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sammyd173

'breakthrough' Techniques

23 posts in this topic

Great stuff! At least once per event I miss a gate because I get confused. Closing your eyes and being able to complete the section mentally is a great idea.

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I might get better results if I closed my eyes.

 

Not so much a breakthrough, but don't overlook the value of being taught a technique. Learning from videos has it's limitations, it is far easier for someone to observe and instruct you.

I made far more progress in 3 hours at Bumpy than I did in maybe 10 sessions by myself.

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I might get better results if I closed my eyes.

 

Not so much a breakthrough, but don't overlook the value of being taught a technique. Learning from videos has it's limitations, it is far easier for someone to observe and instruct you.

I made far more progress in 3 hours at Bumpy than I did in maybe 10 sessions by myself.

 

I also find that setting up the GoPro and videoing my riding has helped me understand what my riding looks like off the bike, I can slow down the footage and really break down the mechanics of the technique and where I'm going wrong. This is a great tool that you and your coach can analyse after the fact. 

Edited by jml
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Floater turns. When the front wheel is up in the air, you can accelarate the rotation with a combination of pulling the bike closer to your body and the front wheel higher. Similarly you can slow down the floater by leaning back away from the bike and putting the front wheel lower. A bit like when you spun around on a tire swing as kid - lean back and legs out slows you down, etc.

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You've got to trust that the bike will grip, I often find myself dabbing when I don't need to because I'm nervous about going across a camber or turning down a steep slope. Speed up your frames per second in between sections by going a decent pace and it increases your reaction time in the sections, meaning you can adapt to rough terrain and make quicker direction changes. Keep the bike going, keep momentum and be determined not to put a foot down!

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My "breakthrough" moment was discovering how to wheelie.

I always used to try and "pull" the front up. bending my arms and in reality pulling myself towards the front, weighting it, and pushing the wheel landwards.

A tip I read or saw on line was to "push away" from the bars, thus pushing myself away from the front, unweighting it.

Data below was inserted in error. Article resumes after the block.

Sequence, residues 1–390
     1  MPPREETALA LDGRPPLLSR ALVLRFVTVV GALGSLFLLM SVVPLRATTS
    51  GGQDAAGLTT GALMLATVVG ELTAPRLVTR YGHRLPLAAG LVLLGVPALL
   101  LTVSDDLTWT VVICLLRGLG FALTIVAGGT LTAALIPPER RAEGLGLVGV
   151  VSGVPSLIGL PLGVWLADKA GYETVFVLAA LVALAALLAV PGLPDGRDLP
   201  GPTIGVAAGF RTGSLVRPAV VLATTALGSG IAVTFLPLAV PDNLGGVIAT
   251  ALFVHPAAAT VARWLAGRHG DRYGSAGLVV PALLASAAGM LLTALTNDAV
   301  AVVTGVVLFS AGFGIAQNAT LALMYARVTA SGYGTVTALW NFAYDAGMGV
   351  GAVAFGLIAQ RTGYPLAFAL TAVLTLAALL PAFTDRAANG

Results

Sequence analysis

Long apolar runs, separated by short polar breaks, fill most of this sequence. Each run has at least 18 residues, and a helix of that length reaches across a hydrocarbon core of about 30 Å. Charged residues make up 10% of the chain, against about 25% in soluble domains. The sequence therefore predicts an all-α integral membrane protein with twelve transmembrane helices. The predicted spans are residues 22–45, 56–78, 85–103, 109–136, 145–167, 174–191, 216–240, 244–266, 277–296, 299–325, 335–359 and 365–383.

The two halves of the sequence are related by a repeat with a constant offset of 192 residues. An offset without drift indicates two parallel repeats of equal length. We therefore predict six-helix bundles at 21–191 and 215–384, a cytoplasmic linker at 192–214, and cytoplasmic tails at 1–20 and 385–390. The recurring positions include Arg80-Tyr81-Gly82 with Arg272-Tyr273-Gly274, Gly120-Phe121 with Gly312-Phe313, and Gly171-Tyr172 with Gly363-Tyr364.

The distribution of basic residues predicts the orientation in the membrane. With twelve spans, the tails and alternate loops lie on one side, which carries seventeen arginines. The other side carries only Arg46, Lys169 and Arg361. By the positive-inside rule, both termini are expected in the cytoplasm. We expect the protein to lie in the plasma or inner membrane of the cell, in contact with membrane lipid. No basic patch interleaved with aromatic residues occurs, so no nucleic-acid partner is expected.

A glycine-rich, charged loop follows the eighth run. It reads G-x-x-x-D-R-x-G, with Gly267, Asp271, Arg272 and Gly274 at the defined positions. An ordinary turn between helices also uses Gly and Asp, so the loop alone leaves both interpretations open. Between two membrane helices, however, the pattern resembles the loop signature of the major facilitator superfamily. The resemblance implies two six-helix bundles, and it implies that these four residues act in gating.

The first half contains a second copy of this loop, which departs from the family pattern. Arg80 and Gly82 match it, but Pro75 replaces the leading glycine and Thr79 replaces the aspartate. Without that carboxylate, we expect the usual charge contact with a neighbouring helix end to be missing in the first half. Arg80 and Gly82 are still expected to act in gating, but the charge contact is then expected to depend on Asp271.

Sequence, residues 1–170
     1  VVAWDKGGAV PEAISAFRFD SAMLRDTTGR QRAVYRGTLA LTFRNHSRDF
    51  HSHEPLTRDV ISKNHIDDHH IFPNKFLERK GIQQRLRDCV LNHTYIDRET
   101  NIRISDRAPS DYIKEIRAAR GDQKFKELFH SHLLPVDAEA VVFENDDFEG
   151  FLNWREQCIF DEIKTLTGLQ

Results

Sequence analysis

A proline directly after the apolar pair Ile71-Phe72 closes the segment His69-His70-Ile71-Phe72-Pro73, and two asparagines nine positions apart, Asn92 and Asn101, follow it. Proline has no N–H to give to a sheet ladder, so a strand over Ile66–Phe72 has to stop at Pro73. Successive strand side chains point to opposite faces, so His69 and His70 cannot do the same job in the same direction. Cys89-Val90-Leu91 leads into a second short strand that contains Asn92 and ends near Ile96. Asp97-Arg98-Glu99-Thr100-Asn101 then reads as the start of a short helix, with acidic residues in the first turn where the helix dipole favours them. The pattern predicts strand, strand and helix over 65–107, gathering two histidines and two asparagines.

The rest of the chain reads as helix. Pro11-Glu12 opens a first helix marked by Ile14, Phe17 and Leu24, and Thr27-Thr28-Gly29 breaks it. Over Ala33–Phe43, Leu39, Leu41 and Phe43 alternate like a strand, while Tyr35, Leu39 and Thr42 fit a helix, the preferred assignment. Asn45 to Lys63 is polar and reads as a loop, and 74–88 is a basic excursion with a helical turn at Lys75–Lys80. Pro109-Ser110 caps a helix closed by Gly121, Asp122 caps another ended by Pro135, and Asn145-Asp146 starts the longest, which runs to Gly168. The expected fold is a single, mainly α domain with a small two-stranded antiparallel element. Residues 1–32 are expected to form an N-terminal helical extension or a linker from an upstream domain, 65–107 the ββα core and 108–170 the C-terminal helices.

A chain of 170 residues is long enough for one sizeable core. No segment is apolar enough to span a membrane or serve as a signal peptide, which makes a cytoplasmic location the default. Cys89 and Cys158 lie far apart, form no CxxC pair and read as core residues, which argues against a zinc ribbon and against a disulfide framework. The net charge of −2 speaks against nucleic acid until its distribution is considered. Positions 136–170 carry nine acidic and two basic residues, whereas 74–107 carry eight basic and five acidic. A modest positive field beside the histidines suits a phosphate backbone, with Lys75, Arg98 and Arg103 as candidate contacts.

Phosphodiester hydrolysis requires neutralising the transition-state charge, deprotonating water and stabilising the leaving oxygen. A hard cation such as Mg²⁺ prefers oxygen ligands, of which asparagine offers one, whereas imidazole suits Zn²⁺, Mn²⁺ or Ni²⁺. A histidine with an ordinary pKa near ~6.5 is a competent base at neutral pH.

What a difference.

Sky high wheelies just like that.

 

Problem now is... as soon as I get it high, my natural reaction is to bend my arms and lean forward to stop myself falling off the back.

Natural self preservation.

Cannot break the habit.

Still trying though.

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When I do a slow full lock turn I turn my head far enough so I can see my rear fender, this brings around my shoulders and sticks my ass out the other side... the first time I did it I couldn't believe the difference it made, it was a real "aha" moment for me. It is always great when you are riding with a more advanced rider and they give you tips like that to help illustrate what you are doing wrong.

Great tip, tried it this afternoon!....along the lines 0f "look where you are going, not where you are".

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Use your knees to static balance. Bending your knees and squatting lower on the bike can stop it falling over. Also moving your knees from side to side across the tank is a great way to maintain balance, rather than using bar pressure.

 

I find that going up obstacles with the knees in tight works better than flaring your legs out. You might think that having your knees pointing way out gives more stability, like a tight rope walker holding a pole, but for me the effect is the opposite. If you go up something with your knees closer together, or ride in a straight line with them in, then it's easier to flick one out for balance. If both knees are already out you've limited your correction options. Try both next time out and see what works for you!

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